Over four generations, the Schärer family has built USM into a globally recognised brand, celebrated for its unique fusion of ingenuity, minimalism and flexibility.
November 13th, 2015
The story of USM is closely tied to the industrial development of Switzerland, and the evolving architecture (and politics) of 20th Century Europe. The superb elegance and functionality of its flagship ball connector marries a legacy of technical expertise with the Schärer family’s passion for design.
Riding the wave of continental Europe’s industrialisation at the end of the 19th Century, in 1885 Ulrich Schärer founded a small, family-run, metalworking firm. Pragmatically, he named it USM after his own initials, and that of Münsingen, the Swiss village just outside of Bern where he was born. From 1920 to 1961 Ulrich’s children managed the company, specialising in ornamental hinges for the construction industry and in machining sheet steel.
It was the third generation of the Schärer family, in the form of Paul Schärer, Jr. who would modernise USM, and, in collaboration with Swiss Architect Fritz Haller, create the ball connector system. Holding a degree in engineering from the Swiss Federal Institute of Technology in Zürich, Paul was passionate about architecture and design and a great admirer of Mies van der Rohe and Le Corbusier. Inspired by their functionalist principles, he was committed to creating a new type of flexible factory that could be adapted to various manufacturing processes, and thus engaged Haller, who perfected a modular, metal-framed construction system that coincided precisely with Paul’s vision. The new USM factory opened in 1965 in the countryside near Münsingen, and a few years later, Schärer commissioned Haller to design and build him a house, just a few metres from the factory. Raised on columns and named Buechli, the metal-and-glass house was completed in 1969 and still stands today.
The USM Haller system, available in Australia through ECC, remains unique and unparalleled in its field, as much in the quality of its manufacture as in its functionality. The ball connector is the keystone of this evolving, ultra-ingenious system, which has been copyrighted as a work of applied art since 1988. Containing 47 grams of chrome plated steel and six threaded holes into which six screws can be inserted, it has been nicknamed ‘the magic ball’ in Switzerland. It allows the furniture system to be extended upwards as well as sideways, almost infinitely, while ensuring it remains perfectly stable.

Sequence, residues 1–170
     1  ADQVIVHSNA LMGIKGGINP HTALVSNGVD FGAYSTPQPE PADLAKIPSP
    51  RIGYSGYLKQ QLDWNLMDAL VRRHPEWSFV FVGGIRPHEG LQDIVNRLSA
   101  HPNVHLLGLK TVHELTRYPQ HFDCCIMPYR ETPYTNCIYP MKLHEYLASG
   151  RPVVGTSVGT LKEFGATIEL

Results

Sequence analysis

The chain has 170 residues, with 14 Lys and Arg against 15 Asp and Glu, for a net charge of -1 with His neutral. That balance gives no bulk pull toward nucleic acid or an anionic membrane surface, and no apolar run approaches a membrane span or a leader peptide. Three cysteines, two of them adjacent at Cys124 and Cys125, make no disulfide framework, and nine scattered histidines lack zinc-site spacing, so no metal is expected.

Although the unique USM Haller furniture system design has remained unchanged for 50 years, its sophistication has continually developed. Its quality is constantly improving to conform to the brand’s quality standards. This includes testing door hinges by opening and closing them 40,000 times without making the slightest noise.
Read the full story in Indesign Issue 63
Keep up to date with the latest and greatest from our industry BFF's!
The new terminal interiors at the Hamilton Kirikiriroa Airport celebrate the beauty to be found in transition and a connection to the local identity of New Zealand.
For Living Edge, B-Corp certification was the next appropriate step in a long journey focused on building a truly sustainable and socially responsible business. In 2023 they achieved certification at their first pass, giving customers a new level of environmental assurance and the company an important milestone to celebrate across two decades of staff-led, sector-leading sustainability practices.
Putting their money where their perfectly painted mouth is, MECCA diverted almost 4 tonnes of furniture from landfill during the recent renovation of its headquarters with the help of Living Edge’s Relive program.
Less is more in the newly transformed offices of Studio Prineas, where select and authentic pieces tell a tale of good taste and intelligent design.
Our editor tours you through 7 of the best installations at the Fuorisalone in Milan. Each designed to spark inspiration, and some with a clear call to action.
Fusing classic Bauhaus style metal tubing with advanced interior lighting, USM’s Haller E system sheds a new light on furniture design.
Adding geometry within an interior helps to create a modern and balanced environment, one that also adds an interesting feature to the room. This weeks’ Indesign In Focus brings various geometric patterns, colours and products into any residential, commercial and hospitality décor.
The internet never sleeps! Here's the stuff you might have missed
HDR, in collaboration with Walker Corporation and Lyons, has designed Western Sydney University’s new 26,500 square metre vertical Bankstown City Campus as part of a $340M investment in the area.
The future of Australia’s last surviving woollen furnishing textile mill and dye house has been secured thanks to its joint acquisition by Instyle Contract Textiles and Colan Australia.
Celebrating 25 years in his indominable style, William Smart invited the glitterati of Australian architecture to an evening of white on white in the Sydney Opera House’s impeccable Utzon Room.